Popping open a can full of talent

Get out those bell bottoms and tie-dye Ts because the Pictou County Pop Classics will be rockin’ them again. The celebrated Pop Classics was the hottest ticket in town this winter.

The 70s tribute show packed the house at the deCoste Centre for the Performing Arts in February and previous sell out shows at Glasgow Square have the shows producers and performers ready to give their audiences more!

It turns out that one groovy conversation a few years ago between Carlton Munroe and Mike Vienneau would pop open a can of talent that only the originators of the show might have expected.

“I can remember meeting with the first few entertainers to explain to them the concept of the show. They were scratching their heads saying you want me to do what? “ says Mike Veinneau, a retiree of Michelin and member of the band of Mike and The MacPhersons.

They laughed and exclaimed it would never happen. The idea of over 40 artists dressing up in costume, working together to perform over forty songs just seemed to be too much.”

But quicker that you can say KC and the Sunshine Band, Mike and Carleton had over 40 musicians who were actively gigging in the community, styling their wigs and digging out their polyester to get their 70s groove on.

The 70s Pop Tribute takes audiences back to the golden days of vinyl. From well-known soft and hard rock numbers right up to the soul and disco beats we immediately recognize, this group of eager cover artists come together to take you back in time.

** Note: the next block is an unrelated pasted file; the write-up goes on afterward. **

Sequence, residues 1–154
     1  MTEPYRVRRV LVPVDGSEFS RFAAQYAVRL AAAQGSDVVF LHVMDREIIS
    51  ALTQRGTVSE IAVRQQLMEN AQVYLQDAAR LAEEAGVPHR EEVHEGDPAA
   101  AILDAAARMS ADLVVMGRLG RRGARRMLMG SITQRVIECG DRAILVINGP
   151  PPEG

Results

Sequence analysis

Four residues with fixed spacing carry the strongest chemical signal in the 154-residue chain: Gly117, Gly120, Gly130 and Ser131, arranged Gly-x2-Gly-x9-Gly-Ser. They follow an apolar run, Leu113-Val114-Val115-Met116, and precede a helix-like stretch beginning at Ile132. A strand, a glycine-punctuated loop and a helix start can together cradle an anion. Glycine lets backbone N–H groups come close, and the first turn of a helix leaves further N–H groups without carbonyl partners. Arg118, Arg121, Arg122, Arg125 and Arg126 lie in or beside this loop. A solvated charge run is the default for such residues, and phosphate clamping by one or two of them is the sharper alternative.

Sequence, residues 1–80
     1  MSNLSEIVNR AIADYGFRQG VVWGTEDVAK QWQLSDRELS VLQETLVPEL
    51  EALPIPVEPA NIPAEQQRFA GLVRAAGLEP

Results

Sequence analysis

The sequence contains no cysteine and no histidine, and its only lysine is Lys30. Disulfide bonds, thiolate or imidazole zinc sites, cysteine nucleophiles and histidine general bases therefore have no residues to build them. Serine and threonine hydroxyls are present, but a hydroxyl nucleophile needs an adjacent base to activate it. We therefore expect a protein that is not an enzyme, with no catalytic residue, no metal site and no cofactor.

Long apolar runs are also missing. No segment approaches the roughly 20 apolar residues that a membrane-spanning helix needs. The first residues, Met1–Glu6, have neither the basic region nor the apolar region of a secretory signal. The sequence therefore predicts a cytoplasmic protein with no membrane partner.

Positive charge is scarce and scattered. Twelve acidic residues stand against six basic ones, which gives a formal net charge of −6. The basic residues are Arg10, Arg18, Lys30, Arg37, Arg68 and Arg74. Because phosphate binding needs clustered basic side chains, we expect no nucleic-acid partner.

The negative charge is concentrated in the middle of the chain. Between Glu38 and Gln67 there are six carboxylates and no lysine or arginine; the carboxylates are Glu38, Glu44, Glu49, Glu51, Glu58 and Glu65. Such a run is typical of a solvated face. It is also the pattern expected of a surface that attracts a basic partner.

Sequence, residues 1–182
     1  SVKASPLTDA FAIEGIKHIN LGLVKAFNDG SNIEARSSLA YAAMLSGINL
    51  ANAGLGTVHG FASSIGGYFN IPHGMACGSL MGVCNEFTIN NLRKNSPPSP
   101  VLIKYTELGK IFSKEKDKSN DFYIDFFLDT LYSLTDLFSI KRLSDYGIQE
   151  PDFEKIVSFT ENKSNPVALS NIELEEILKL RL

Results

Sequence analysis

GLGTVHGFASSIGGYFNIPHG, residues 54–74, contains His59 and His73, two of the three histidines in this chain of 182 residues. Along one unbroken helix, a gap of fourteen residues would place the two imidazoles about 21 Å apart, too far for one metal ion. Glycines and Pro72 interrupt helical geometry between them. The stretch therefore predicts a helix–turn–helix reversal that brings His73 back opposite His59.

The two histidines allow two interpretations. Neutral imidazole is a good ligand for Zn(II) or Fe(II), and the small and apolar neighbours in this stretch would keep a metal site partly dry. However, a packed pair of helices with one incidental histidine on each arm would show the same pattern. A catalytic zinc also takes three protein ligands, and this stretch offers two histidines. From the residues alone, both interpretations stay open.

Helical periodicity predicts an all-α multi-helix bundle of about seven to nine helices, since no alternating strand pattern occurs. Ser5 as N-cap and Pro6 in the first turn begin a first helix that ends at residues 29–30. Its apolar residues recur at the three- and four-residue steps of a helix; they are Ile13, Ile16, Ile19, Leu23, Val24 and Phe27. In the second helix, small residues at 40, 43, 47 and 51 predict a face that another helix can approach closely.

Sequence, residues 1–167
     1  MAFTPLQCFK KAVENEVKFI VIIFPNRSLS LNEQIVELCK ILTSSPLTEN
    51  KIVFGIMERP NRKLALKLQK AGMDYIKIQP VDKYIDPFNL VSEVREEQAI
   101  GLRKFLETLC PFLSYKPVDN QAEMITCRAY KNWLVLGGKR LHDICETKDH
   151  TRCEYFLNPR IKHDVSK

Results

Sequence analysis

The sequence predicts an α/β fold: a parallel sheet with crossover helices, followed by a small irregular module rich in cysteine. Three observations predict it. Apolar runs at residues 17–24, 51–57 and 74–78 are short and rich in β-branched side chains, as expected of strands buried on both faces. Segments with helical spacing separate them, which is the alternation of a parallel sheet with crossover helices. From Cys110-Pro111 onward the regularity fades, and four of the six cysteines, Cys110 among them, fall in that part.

“Pictou County Pop Classics is an amazing show to be a part of. None of us had a clue what we were getting into but gave it our all. It became this magical show that somehow brought the best out in each and every one of us. It brought us all closer as a music community and some awesome new musical acts have been formed with these new friendships,” says Lynn DeCoste, one of the cast who belts it out to Fleetwood Mac’s Dreams.

“I am honoured to be a part of the fun and talent that can only come from Pictou County!”

The success of the Pop Classics has a lot to do with timing. A region of baby boomers who love to soak up the nostalgia has been key to the audience buy-in. With performers ranging in age from early twenties to mid-sixties, you’ll need to keep an eye out for familiar faces such as Scott DeCoste, Gavin Scott and retired band teacher Andrew Alcorn on horns! Names you may also recognize include Leah Samson, Al Bezanson, Jakki Rogue and Karen Corbin also take the stage in ways you’ve never seen them!

“We are developing talent,” says Mike referring to his co-producer Carlton Munroe who had to take a break from the production of the winter show. “Even performers that have been gigging for years are learning new things about themselves. But we are also trying to push the limits of what has been done before. I think we used every cord and cable at the deCoste for the February show. It also opens the eyes of the venues and they can see what they are capable of doing and what they need to do more of in the future.

“We are very proud that Pictou County Pop Classics, the creative dream and idea of Carlton Munroe and Mike Vienneau, had its beginnings on our stage,” says Geralyn MacDonald, New Glasgow’s Director of Community Development. “The highly successful shows have now evolved into a series of productions in partnership with Glasgow Square and have been among the hottest tickets in town.”

Mike, Carlton and the Pop’s crew are backing it up another decade and will open the much anticipated the Pop Classics 60s Tribute at Glasgow Square on May 26th.

As much as the Pop Classics takes you back the performers want to give back too. A percentage of each show is directed to a needy cause. “The Pop Classics is about community, family and music,” says Mike Vienneau. “We belong to you!”